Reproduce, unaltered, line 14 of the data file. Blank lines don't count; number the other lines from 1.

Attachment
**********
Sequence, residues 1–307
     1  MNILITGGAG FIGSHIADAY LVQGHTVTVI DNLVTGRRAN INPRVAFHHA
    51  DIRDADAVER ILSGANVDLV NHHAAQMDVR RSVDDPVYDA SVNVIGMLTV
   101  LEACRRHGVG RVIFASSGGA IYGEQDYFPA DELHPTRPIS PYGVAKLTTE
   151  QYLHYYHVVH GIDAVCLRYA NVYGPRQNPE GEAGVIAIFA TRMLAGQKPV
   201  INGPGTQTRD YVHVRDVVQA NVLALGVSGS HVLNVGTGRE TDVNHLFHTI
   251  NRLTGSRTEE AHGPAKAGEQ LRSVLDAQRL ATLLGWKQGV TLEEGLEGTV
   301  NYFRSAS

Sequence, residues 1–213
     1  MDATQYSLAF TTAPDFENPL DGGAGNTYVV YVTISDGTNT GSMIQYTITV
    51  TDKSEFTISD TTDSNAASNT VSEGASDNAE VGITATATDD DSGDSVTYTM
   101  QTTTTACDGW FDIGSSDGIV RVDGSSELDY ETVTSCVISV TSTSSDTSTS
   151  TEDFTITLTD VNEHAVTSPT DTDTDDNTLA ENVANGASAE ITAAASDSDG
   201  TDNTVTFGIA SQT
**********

   201  TDNTVTFGIA SQT